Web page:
At a November 11, 2015 meeting, the Financial Accounting Standards Board (“FASB”) voted to proceed with final revised standards for lease accounting. The new standards would require lessees to record certain assets and liabilities for all leases with a term in excess of 12 months. This is a departure from existing accounting standards, which require balance sheet presentation only for leases classified as capital leases. This change is anticipated to have a significant impact on balance sheets for a broad swath of companies, potentially resulting in recognition of material amounts of lease-related assets and liabilities for many companies. Companies and their advisors should consider now whether the new standards will affect compliance with financial covenants in existing or future debt arrangements.
FASB’s vote is the result of an extensive review and comment process initiated after the staff of the Securities and Exchange Commission issued a report in 2005 indicating that FASB should reconsider the accounting treatment for leases. FASB subsequently issued exposure drafts of revised lease accounting standards in 2010 and 2013.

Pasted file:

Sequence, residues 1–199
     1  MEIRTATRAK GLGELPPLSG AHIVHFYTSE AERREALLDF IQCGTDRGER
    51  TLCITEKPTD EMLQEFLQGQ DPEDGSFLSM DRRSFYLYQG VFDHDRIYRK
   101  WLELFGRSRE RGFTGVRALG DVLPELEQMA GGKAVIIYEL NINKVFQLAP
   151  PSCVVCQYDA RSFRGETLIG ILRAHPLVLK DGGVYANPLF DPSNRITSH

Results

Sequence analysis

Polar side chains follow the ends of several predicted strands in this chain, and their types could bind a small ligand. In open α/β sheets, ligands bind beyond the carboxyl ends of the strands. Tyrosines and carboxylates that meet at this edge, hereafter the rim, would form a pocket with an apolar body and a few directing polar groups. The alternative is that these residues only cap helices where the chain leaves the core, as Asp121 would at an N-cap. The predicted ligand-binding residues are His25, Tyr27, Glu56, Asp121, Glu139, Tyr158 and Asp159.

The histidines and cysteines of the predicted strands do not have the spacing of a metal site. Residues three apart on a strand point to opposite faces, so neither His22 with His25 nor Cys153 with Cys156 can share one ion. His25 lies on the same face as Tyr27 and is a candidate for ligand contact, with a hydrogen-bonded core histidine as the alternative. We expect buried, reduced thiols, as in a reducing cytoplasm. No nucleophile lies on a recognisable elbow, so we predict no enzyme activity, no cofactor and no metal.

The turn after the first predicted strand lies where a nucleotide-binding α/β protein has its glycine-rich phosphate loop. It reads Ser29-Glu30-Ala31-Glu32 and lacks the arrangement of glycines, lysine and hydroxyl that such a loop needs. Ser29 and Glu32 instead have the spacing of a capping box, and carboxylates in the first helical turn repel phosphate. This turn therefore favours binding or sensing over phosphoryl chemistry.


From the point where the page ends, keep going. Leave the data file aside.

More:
The FASB indicated that it expects to publish the new standards in early 2016. The standards will be applicable to public companies for fiscal years beginning after December 15, 2018 and to private companies for fiscal years beginning after December 15, 2019. Companies may elect to adopt the final standard sooner.
Although public companies will not be required to comply with the new lease standards until fiscal 2019, companies and their advisors should consider whether existing or future debt arrangements will be affected by the new standards and, if so, what steps should be taken to condition creditors, investors and analysts about the impact of the changes. In particular, companies with significant off-balance sheet leases under current standards may find that application of the new standard significantly increases their reported assets, liabilities, amortization expense and interest expense. These reporting changes could affect a company’s ability to comply with financial covenants, including leverage ratios and income ratios, in their outstanding credit agreements and bond indentures. In addition, both borrowers and lenders should carefully consider the effects of implementing the new standards when negotiating and entering into new debt arrangements.